-her age is 40
-never pregnant before
-having the ailment for 22 year
23 Apr 2012
as far as I know, and I speak to you as the mother of 3 and bipolar patient of
12 years, I believe it to be one or the other. A good doctor will tell you the same, its a trade off of either medicated trtreatment OR a pregnancy, I chose pregnancy after pregnancy and living with myself and a good man by my side keeping me in check. Talk to your doc but medication during pregnancy is a no-no in bipolar terms.
23 Apr 2012
Not only is lithium contraindicated in pregnancy, having a first baby at age 40 is not without risk to both mother and child. The child is at greater risk for problems like Downs Syndrome after the mother is over 35y/o. At 40, a woman is getting physically past child bearing and can have a greater risk for bleeding and miscarriage. There are some women who successfully have a baby at age 40 and above but risks also increase and a set of parents should talk to an OB-GYN about that risk before they decide for pregnancy. You can also discuss lithium therapy and what alternatives there are. Please consult an OB-GYN before attempting pregnancy, preferably an OB-GYN who deals with high risk pregnancy, and get his/her opinion. It may actually be best to look into adoption for you as a couple.
23 Apr 2012
I would weigh the pro and cons on this. I'm on Lithium and my Psychiatrist told me that if I came off or cut down lithium and went back on it may not work like before. If your wife is happy and healthy on Lithium, why take the chance. The reason I'm saying this is because lithium has changed my life. I no longer suffer from major depressions and am happy and normal again. My family has me back finally.
5 May 2012
I am a mom of four, but fortunately completed my family before bipolar came upon me. Really, as a previous poster and mom said, personally FOR ME I would never take the risk of consuming ANY drug, bipolar or otherwise, during pregnancy. The risks of damaging the development of your baby is, to my mind, too great a risk to take. It took YEARS before the medical profession was willing to concede that there was a huge correlation between depakote consumption and congenital birth defects.
And agreed, coupled with the fact that your wife is age 40 - and that this would be a first-time pregnancy, could present further difficulties. The likelihood of either post-partum depression, OR post-partum mania, is much greater in women who have recently given birth, and who suffer from bipolar. In fact, recent birth is often something which triggers the illness initially in many women. I have read that a risk-free option for pregnant women who choose to abstain from drugs, is controlling the illness with ECT treatments. Yes, a fairly grisly suggestion, especially if you are not in favor of, or fear the procedure - but apparently it's an option and a route some have chosen to opt for.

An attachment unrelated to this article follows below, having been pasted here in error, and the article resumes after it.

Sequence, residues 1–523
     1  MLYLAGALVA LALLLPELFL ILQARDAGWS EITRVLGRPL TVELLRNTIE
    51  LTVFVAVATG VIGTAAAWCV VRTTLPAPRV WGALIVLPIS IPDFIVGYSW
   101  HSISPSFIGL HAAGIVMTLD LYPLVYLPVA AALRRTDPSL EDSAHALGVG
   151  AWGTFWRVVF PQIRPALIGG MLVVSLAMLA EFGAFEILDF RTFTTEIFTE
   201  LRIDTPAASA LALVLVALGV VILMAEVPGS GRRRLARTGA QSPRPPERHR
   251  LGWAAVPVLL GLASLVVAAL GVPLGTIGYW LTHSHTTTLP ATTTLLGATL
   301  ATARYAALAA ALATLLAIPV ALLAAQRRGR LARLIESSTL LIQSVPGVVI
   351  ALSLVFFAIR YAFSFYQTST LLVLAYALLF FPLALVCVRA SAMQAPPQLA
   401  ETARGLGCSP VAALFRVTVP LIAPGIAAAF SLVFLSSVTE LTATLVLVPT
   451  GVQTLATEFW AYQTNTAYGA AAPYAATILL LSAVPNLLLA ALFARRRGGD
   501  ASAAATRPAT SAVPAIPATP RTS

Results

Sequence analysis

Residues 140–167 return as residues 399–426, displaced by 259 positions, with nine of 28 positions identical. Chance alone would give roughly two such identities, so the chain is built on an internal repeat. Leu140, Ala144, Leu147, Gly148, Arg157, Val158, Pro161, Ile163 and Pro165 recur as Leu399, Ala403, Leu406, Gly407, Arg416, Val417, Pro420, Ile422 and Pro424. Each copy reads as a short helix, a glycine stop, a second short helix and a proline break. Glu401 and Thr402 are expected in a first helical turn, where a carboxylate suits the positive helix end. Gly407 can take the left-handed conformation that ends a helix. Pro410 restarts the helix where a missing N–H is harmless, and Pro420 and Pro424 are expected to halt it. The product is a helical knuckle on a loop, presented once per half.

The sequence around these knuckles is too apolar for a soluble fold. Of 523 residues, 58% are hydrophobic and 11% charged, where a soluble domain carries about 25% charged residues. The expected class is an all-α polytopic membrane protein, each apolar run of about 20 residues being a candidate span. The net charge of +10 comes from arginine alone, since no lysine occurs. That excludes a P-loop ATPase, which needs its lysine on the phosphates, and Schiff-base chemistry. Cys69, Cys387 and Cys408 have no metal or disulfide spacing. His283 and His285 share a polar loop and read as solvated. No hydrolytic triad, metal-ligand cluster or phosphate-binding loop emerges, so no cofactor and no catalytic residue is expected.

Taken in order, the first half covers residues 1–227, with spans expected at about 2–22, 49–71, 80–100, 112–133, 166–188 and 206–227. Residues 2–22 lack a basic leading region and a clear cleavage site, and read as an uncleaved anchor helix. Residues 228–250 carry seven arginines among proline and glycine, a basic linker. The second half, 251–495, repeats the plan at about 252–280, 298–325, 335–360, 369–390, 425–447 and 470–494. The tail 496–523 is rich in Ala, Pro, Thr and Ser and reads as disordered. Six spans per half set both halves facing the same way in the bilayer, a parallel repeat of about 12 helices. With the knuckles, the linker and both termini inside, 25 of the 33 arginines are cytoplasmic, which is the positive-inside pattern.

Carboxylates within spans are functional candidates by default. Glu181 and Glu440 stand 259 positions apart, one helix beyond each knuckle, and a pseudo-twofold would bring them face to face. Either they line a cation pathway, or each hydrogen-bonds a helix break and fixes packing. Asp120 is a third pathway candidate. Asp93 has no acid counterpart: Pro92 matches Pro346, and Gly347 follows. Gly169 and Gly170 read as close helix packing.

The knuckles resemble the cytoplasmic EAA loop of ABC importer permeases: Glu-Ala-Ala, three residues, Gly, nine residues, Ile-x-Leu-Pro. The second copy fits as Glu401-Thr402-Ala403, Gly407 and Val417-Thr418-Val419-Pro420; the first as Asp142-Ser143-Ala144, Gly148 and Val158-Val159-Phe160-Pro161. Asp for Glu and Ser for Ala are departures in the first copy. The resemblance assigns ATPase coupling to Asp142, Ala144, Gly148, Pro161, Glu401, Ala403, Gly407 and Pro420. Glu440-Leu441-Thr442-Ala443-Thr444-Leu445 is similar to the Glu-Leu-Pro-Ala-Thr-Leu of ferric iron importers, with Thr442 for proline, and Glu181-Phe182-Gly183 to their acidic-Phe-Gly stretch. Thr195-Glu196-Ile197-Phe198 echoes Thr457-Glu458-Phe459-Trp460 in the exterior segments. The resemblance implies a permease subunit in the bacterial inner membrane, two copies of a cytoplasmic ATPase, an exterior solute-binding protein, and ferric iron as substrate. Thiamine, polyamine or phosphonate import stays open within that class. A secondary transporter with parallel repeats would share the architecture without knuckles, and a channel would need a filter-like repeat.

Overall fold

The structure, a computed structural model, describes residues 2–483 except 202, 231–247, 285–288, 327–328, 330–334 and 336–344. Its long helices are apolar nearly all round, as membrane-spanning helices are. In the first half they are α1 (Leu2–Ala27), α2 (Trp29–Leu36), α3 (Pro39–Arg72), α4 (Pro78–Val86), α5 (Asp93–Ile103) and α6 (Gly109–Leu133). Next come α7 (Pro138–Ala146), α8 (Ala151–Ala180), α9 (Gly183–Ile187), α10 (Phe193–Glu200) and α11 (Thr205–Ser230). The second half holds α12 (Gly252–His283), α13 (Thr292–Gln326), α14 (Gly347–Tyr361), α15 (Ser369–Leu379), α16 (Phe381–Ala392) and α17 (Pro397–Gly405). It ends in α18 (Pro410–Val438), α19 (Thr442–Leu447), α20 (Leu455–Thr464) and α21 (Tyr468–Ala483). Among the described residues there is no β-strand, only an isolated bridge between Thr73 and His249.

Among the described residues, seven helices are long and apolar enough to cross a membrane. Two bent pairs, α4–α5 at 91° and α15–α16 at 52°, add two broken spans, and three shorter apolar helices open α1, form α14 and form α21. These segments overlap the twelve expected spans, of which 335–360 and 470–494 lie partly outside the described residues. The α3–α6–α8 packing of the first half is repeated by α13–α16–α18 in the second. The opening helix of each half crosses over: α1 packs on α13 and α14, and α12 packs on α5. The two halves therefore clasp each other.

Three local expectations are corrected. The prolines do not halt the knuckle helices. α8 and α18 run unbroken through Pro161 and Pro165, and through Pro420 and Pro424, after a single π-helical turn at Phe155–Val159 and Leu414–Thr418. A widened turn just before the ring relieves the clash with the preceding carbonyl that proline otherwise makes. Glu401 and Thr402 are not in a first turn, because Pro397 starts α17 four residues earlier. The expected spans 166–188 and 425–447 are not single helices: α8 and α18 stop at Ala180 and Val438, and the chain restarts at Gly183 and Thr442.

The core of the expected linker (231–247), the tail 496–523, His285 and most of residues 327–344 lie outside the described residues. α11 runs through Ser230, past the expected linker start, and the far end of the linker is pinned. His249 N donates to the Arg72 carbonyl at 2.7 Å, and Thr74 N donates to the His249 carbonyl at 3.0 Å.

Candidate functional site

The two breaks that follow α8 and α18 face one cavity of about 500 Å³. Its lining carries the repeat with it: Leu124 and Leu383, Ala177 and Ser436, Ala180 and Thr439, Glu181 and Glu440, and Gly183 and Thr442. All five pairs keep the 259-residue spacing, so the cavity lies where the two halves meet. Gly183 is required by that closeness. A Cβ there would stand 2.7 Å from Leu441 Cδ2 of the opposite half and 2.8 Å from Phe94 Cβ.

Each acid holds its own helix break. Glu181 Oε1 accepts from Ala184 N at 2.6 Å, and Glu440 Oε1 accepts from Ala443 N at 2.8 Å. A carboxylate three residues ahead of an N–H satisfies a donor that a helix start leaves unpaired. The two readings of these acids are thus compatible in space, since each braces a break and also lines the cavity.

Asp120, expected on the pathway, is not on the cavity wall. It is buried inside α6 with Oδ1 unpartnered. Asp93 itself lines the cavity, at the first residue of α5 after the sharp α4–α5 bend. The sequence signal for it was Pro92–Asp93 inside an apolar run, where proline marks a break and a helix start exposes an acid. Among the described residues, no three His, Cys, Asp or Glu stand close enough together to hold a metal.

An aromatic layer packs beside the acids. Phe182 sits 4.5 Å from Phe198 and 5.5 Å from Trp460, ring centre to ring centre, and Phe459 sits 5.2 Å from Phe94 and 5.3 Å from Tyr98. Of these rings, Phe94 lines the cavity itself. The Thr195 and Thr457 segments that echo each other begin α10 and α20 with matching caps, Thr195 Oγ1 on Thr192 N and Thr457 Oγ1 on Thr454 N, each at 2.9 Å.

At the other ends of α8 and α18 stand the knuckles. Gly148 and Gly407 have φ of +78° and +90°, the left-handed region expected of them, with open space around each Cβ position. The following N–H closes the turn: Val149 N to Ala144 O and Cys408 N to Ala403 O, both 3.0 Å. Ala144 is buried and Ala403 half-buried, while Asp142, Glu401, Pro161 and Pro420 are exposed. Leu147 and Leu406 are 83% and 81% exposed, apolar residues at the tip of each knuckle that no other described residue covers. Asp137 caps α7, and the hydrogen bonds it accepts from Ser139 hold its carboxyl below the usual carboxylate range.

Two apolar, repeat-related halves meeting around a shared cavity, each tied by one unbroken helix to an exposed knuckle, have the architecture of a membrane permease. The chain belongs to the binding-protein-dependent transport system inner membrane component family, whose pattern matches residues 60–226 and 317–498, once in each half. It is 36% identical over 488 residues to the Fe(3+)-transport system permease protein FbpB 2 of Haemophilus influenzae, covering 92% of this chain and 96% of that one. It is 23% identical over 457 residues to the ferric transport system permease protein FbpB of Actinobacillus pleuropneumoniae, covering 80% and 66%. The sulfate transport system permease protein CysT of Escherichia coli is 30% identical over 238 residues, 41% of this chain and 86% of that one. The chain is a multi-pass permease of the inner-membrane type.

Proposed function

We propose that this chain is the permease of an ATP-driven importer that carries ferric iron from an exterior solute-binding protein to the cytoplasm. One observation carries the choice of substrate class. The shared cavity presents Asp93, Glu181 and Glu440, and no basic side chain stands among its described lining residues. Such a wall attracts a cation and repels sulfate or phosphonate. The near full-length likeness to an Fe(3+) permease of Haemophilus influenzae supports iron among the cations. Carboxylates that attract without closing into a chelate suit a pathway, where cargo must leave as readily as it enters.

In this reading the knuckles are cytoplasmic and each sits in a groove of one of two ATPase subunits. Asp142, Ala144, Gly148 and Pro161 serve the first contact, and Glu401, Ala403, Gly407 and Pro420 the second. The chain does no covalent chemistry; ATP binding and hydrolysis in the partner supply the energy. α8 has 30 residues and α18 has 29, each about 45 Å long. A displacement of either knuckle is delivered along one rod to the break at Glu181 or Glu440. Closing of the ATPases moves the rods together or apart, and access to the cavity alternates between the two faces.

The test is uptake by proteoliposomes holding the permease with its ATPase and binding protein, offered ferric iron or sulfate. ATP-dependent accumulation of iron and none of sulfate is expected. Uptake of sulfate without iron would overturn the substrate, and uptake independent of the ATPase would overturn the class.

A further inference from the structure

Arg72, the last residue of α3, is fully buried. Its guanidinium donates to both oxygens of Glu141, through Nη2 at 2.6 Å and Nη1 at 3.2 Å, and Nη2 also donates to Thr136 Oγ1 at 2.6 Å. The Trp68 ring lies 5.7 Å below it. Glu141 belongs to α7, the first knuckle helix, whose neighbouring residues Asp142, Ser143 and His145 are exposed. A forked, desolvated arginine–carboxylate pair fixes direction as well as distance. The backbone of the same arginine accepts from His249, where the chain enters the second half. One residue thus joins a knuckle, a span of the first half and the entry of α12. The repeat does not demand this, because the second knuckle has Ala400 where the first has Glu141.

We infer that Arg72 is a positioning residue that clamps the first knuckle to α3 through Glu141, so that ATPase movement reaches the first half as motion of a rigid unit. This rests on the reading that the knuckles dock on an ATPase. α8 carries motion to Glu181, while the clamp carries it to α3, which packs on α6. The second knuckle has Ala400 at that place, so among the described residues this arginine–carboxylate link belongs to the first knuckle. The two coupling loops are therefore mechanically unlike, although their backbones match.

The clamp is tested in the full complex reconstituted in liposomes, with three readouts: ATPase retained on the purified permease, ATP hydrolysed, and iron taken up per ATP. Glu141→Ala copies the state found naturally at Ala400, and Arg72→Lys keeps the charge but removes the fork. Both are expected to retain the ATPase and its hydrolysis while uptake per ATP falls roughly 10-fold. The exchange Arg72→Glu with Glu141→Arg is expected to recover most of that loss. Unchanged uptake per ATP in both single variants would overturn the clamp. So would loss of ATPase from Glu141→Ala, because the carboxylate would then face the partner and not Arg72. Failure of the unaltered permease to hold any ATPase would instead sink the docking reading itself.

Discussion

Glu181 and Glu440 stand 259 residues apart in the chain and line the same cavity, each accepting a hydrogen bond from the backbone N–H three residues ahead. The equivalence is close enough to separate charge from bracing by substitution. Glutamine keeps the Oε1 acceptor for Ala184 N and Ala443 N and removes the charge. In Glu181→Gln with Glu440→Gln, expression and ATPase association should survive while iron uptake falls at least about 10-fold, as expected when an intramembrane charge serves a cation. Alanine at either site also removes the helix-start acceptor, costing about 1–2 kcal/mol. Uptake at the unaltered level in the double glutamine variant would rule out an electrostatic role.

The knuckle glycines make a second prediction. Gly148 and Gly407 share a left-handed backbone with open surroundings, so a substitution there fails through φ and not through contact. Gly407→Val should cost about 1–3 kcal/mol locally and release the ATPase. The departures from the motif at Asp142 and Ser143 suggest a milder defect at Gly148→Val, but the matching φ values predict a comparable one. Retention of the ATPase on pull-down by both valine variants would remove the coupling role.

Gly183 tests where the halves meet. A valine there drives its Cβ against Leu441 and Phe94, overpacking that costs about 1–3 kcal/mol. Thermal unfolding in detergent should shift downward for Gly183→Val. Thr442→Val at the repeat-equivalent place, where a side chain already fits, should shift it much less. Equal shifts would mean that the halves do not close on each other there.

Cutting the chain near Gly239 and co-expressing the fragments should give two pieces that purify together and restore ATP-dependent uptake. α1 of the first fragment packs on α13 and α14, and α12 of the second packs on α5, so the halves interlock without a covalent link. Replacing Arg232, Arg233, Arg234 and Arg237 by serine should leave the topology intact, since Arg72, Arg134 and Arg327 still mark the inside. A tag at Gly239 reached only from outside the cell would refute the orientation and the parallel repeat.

Nobody can tell you what direction to go in when it comes to planning a family. Just that it would be wise to examine the situation critically, and also bear in mind that newborns can be an exhausting responsibility, what with the need for four-hour feedings, crying from teething or colic, and it IS sometimes a draining and emotionally-demanding experience. They are well-worth it... but just be sure that your wife, and ALSO yourself, understand and are prepared for the realities of parenthood. And that you feel sure that your wife CAN cope with it. Kathleen
5 May 2012
I've read that Lithium can cause birth defects. Why not look up Lithium on Drugs.com and check its side effects. There are so many alternatives to Lithium now for Bipolars. I am Bipolar with Psychosis. Lithium didn't work for me. I take Lamictal. It's a mood stabilizer. I also take Clonazelam, Geodon and several things for sleep. Fortunately, I have had my children already. It can't be easy for the two of you. I know how it is to want a baby. I had to have three surgeries in order to get pregnant with my second child. I feel confident that your wife will be able to bear a child and that you can have a family. It will take a knowledgeable Obstetrician and Psychiatrist for this to work. I wish you all the luck in the World.
- Lithium Information for Consumers
- Lithium Information for Healthcare Professionals (includes dosage details)
- Side Effects of Lithium (detailed)
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